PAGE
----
Minnesota Flooding Causes the Death of Over 11 Animals at Duluth Zoo

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  • An Asiatic black bear named
    (PHOTO:Reuters/Ilya Naymushin)
    An Asiatic black bear named "Yozhik" drinks water in this file photo.
By Vincent Funaro, Christian Post Reporter
June 20, 2012|3:37 pm

Several animals at the Lake Supreme Zoo in Duluth, Minn. drowned to death on Wednesday after harsh wind and rain ransacked the area, causing the overflow of sewage tanks forming swamp like conditions on the roads.

"We have 11 confirmed dead animals, most of them barnyard animals," said the zoo's marketing director Holly Henry to MSNBC.com. "Two thirds of the zoo is under water."

Only one of the zoo's barnyard animals survived the harsh weather conditions, according to zoo spokeswoman Keely Johnson.

The animals that were found dead included goats, donkey and sheep, but a full assessment of the situation has not yet been made due to the flooding. There could be even more animals that perished as Johnson told the Duluth News Tribune that the zoo's raven and vulture cages are still submerged.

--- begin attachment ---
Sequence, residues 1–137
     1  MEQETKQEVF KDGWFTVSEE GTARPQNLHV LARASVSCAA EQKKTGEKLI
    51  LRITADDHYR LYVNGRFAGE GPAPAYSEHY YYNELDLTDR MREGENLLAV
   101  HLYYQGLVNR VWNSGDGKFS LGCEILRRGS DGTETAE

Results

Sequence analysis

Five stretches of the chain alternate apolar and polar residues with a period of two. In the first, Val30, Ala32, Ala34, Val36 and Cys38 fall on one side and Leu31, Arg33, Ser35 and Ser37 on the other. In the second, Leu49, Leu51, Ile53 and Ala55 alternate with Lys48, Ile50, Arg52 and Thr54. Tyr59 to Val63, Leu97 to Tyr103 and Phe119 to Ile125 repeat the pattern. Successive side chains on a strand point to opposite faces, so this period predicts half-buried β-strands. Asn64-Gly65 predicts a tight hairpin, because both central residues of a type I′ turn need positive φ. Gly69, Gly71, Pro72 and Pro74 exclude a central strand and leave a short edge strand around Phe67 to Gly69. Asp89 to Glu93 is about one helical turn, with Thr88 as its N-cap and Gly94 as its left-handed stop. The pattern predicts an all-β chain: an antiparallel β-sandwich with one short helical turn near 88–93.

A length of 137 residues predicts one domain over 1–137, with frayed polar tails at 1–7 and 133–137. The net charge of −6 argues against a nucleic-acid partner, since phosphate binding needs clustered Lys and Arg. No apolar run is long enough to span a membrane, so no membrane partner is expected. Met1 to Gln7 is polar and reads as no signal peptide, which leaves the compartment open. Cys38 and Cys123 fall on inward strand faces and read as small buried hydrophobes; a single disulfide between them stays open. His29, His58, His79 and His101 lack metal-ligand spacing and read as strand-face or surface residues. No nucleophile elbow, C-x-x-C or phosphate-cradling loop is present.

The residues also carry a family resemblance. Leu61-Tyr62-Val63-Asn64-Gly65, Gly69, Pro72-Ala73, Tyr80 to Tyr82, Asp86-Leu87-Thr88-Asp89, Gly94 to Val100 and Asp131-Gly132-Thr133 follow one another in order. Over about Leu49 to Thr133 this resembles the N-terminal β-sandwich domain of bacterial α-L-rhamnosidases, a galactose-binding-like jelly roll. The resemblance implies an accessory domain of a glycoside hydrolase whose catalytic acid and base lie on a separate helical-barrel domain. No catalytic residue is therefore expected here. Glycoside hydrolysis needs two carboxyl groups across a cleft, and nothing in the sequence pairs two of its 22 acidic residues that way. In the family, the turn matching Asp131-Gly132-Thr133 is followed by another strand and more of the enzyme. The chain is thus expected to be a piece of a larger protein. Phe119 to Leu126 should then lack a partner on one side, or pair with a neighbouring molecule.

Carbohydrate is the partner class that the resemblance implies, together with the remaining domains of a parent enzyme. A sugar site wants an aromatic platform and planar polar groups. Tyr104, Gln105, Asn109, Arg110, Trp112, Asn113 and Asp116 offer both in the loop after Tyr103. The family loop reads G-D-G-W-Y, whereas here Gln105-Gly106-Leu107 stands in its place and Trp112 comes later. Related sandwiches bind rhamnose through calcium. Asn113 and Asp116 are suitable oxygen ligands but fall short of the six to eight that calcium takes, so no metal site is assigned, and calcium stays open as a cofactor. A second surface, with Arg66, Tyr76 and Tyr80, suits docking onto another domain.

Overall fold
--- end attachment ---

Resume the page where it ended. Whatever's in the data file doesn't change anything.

Several animals escaped the zoo during the incident including a seal that was found on nearby Grand Avenue and a polar bear that was immediately darted and quarantined after being discovered outside the grounds of the establishment.

The more dangerous animals remained within the zoo's property during the rain and flooding, according to Johnson.

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Flash flood warnings are in effect across Duluth through Wednesday night.

Many residents have already evacuated the area as it has already been hit with eight inches of rain. The city has been declared to be in a state of emergency by the mayor, Don Ness.

"There is another band of rain on our way, so it is likely to get worse before it gets better," he said.

The mayor also highlighted the biggest issues plaguing the city due to the torrential rainfall.

"There are certainly reports of streets being washed out, but the more significant problems are as the water comes over the ridge and starts rushing down the hill, overwhelming our storm systems, overwhelming our culvert system and creating that forward momentum of rushing water," continued Ness.

 

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